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droit commun!' Set against this contention the argument on which the 'policy of ships' timber' was based, and it crumbles away. Plank and masts, hemp and stores of all kinds were the materials with which ships were built and kept afloat; they must therefore be affected by the contraband quality of the entire ship. What is true of the whole must be true of the part; for were it otherwise, then, as Sir James Marriott said in the case of the Vryheid':

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'If one Dutch ship carries masts, another anchors, another sails, another a ship's frame (and such there is now taken, of size for a 70-gun ship), a whole fleet may go by detail from Holland for the King of France's service.'

Here, then, is the underlying principle: that materials or ingredients of contraband articles are themselves contraband, subject only to the general rule of 'enemy destination'; in this case more precisely defined to bedestined to the construction, or manufacture, of the article of contraband.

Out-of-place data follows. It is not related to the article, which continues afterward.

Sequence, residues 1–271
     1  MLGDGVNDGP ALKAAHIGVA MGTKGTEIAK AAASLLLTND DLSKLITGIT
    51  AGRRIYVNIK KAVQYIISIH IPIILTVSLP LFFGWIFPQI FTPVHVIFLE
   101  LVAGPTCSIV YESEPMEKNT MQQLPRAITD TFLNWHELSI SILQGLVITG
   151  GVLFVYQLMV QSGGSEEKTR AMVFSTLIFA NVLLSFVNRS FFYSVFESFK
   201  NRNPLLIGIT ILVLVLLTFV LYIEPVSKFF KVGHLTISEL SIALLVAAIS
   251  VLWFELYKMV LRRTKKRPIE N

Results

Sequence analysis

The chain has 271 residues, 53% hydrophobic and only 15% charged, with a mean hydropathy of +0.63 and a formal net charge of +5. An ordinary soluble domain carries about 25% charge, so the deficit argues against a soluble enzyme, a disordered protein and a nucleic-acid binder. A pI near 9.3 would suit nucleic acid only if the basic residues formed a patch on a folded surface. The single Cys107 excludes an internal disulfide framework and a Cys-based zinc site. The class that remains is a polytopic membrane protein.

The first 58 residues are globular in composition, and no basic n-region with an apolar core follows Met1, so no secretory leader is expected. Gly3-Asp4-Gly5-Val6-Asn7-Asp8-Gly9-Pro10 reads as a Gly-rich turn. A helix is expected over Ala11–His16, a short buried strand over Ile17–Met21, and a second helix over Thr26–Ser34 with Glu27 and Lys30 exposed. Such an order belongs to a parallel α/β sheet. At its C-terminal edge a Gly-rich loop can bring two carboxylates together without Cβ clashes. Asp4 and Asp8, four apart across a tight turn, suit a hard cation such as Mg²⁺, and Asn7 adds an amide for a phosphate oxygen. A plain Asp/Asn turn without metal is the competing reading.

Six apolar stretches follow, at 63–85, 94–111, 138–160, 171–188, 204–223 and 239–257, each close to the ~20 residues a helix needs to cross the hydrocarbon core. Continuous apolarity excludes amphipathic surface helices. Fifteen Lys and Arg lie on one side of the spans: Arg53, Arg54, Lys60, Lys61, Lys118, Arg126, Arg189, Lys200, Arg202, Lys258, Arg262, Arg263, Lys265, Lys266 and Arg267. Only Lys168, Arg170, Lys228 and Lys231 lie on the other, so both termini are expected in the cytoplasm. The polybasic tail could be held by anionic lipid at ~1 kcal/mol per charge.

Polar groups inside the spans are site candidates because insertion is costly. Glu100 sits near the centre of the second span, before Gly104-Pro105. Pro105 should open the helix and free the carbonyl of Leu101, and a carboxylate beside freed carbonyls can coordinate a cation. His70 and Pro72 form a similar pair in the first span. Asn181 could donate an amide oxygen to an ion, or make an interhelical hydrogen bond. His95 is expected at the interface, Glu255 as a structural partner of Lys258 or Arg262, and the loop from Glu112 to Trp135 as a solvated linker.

The opposite principle, however, in part persisted up to the time of the last discussion on maritime law. The Declaration of London, adopting the list of contraband agreed to at the Second Hague Conference, included the 'distinctive component parts' of certain things themselves declared to be contraband, as of arms and projectiles, but did not include the materials of which 'powder and explosives' are composed.* It is unnecessary now to examine the reasons which led the Conference to adopt this narrow view; suffice it to say that during the late war, after a few revisions of the list of contraband, this item was added on Dec. 23, 1914, 'Ingredients of explosives, viz. . . .,' altered on Oct. 14, 1915, to 'Materials used in the manufacture of explosives, including . How great a part this broad definition played in the ultimate victory need not be emphasised.

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The disappearance of wooden ships probably enabled the British Government to rest content with the item

*It is interesting to note that in the Memorandum of the United States it was suggested that 'munitions et explosifs de toutes sortes et les éléments dont ces corps se composent' should be included; and some other nations put forward similar suggestions.